August 2

  

Today's Quotation:

One exemplary act may affect one life, or even millions of lives.  All those who set standards for themselves, who strengthen the bonds of community, who do their work creditably and accept individual responsibility, are building the common future.

John W. Gardner

Today's Meditation:

Who teaches us to set standards for ourselves that will affect other people?  The future of the world is in our hands-- right here, right now-- yet most of us never have been shown the vision that would allow us to see just how our actions right now will affect tomorrow's world.  We are role models, and we constantly are teaching those who watch us lessons about what it means to work and to contribute to the world.

If a young man or woman watches us do everything we can to cut corners and do our job as quickly as possible without worrying about quality or honesty, what kinds of lessons will he or she take into the future?  And what will that person teach his or her children years from now?

Our contribution to the world is very real, day after day.  The encouragement or the compliments that we share today will be a part of tomorrow, as will the insults or the discouragement.  If we accept responsibility for all that we do today, we'll be proud tomorrow of our accomplishments and our willingness to accept responsibility, and we'll teach others the value of doing so.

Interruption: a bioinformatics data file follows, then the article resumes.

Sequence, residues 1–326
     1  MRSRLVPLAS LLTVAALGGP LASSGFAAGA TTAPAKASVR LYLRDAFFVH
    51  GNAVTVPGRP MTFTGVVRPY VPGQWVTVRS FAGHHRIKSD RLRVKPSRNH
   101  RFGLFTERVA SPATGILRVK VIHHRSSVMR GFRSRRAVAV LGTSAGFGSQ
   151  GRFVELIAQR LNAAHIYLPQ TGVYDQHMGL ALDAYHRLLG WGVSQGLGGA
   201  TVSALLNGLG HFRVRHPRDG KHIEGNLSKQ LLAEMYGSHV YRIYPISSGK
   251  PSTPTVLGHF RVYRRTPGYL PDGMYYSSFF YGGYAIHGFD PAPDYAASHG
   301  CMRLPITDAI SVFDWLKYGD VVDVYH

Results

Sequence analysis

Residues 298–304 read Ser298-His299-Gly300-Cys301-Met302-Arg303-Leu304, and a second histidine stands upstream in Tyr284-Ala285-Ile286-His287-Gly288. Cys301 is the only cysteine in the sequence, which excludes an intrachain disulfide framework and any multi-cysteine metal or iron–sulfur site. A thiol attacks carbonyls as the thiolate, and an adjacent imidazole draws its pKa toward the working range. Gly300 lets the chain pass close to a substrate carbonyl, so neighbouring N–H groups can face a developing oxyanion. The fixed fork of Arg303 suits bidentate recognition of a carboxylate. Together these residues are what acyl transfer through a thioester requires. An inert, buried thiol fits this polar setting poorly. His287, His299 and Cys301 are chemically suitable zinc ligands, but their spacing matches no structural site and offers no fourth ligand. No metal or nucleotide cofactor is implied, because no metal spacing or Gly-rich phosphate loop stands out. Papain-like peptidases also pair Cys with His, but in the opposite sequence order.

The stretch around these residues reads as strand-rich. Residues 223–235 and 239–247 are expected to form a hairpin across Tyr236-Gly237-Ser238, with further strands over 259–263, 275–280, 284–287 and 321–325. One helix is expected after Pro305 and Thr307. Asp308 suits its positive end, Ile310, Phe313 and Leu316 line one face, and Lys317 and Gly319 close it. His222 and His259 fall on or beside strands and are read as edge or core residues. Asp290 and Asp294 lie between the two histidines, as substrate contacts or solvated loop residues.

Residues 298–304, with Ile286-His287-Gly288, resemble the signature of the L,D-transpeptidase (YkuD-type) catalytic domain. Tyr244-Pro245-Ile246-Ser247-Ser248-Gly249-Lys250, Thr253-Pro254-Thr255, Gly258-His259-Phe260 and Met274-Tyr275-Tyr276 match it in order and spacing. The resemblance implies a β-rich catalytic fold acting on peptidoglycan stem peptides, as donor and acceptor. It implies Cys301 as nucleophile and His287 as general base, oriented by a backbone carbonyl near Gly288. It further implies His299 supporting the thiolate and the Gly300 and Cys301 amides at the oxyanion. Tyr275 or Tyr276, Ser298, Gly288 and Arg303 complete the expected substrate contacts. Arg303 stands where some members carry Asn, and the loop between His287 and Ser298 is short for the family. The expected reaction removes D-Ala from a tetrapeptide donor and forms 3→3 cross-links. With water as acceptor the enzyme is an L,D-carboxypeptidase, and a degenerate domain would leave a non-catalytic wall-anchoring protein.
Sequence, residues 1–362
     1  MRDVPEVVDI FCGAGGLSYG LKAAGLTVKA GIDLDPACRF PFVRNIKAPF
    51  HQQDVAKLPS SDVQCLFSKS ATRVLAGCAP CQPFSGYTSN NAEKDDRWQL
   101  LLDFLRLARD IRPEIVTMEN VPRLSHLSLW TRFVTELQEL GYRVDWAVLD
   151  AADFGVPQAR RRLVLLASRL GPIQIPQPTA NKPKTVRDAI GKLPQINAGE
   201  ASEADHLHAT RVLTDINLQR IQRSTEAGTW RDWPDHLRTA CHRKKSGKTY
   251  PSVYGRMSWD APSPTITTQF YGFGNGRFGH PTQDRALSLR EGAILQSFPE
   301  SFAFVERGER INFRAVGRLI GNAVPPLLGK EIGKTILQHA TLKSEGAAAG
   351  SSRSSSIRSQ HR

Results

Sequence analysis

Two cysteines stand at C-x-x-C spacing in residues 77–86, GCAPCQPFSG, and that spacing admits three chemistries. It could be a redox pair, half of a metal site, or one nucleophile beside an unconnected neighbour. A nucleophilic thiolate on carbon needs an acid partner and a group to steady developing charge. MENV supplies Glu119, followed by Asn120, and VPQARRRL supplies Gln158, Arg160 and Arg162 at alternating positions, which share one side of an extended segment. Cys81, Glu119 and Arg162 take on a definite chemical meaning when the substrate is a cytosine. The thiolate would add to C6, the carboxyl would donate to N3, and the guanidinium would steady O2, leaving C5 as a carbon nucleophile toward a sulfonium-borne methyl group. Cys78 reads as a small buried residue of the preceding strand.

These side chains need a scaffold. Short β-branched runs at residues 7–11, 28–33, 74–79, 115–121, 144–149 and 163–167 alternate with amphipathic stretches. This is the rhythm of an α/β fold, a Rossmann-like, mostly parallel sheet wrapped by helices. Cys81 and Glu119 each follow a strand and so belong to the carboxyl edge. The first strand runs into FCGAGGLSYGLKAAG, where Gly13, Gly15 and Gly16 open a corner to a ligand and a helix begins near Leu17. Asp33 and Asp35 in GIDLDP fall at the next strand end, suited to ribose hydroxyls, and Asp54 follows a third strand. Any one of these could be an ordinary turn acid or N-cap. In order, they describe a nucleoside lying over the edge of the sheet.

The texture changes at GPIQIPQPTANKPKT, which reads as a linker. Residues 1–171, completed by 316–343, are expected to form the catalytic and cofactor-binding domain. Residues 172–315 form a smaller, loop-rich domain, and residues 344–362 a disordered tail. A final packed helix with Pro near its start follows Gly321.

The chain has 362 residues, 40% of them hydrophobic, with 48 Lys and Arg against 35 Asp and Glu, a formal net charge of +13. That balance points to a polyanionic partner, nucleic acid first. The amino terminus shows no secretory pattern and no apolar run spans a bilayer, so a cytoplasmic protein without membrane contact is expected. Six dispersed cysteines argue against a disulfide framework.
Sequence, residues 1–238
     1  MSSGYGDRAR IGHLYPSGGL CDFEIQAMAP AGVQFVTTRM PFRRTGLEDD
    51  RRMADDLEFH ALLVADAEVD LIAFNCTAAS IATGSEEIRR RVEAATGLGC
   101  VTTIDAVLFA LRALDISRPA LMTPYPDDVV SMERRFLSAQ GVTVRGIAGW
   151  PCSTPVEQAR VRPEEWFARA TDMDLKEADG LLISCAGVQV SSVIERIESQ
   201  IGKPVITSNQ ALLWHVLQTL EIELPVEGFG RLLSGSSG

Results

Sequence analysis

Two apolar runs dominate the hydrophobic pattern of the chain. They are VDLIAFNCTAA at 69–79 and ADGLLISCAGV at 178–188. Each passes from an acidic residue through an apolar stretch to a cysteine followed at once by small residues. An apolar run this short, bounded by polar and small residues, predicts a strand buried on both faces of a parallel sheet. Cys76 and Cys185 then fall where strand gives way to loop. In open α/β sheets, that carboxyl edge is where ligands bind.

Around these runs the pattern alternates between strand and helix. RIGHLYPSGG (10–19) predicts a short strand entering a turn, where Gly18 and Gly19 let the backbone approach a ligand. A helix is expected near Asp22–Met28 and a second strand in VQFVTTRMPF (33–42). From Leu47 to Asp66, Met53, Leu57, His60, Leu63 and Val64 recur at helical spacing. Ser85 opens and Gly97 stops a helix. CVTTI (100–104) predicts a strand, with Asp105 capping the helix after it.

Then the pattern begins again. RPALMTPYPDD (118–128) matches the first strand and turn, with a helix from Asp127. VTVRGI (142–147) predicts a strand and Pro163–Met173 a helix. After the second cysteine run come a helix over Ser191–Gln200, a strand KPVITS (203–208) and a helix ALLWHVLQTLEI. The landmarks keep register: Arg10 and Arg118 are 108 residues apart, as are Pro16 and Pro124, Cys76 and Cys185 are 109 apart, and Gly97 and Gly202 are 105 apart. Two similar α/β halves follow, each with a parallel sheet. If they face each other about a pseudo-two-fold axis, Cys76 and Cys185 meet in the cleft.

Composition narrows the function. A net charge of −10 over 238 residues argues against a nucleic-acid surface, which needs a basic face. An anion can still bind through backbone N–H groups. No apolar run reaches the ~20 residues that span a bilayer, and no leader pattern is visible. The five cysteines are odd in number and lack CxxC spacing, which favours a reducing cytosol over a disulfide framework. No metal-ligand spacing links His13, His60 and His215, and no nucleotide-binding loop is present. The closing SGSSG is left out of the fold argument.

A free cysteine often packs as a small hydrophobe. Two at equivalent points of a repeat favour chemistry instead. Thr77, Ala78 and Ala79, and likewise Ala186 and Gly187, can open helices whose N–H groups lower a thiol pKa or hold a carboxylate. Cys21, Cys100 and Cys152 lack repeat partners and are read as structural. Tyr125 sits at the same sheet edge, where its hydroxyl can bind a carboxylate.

It can be very difficult for us to see that the common future is in our hands.  Too many people feel that the common future is in the hands of only the politicians or the teachers or the people who work in law enforcement.  And while their professional contributions certainly are in the public eye, each of those people also make personal contributions each day that have nothing to do with their work.

We can make this world a better place-- you and I.  We are contributing to the world every day, and it's up to us to decide just what that contribution will be.

Questions to ponder:

1.  In how many ways do you contribute to the future of the world?

2.  How many people have been great teachers to you, even if it didn't ever seem that they were truly teaching?

3.  Why do we tend not to think that we can have any effect on the "common future"?

For further thought:

You may not have saved a lot of money in your life, but if you have saved a lot of heartaches for other folks, you are a pretty rich person.

Seth Parker

more thoughts and ideas on the future

  

   

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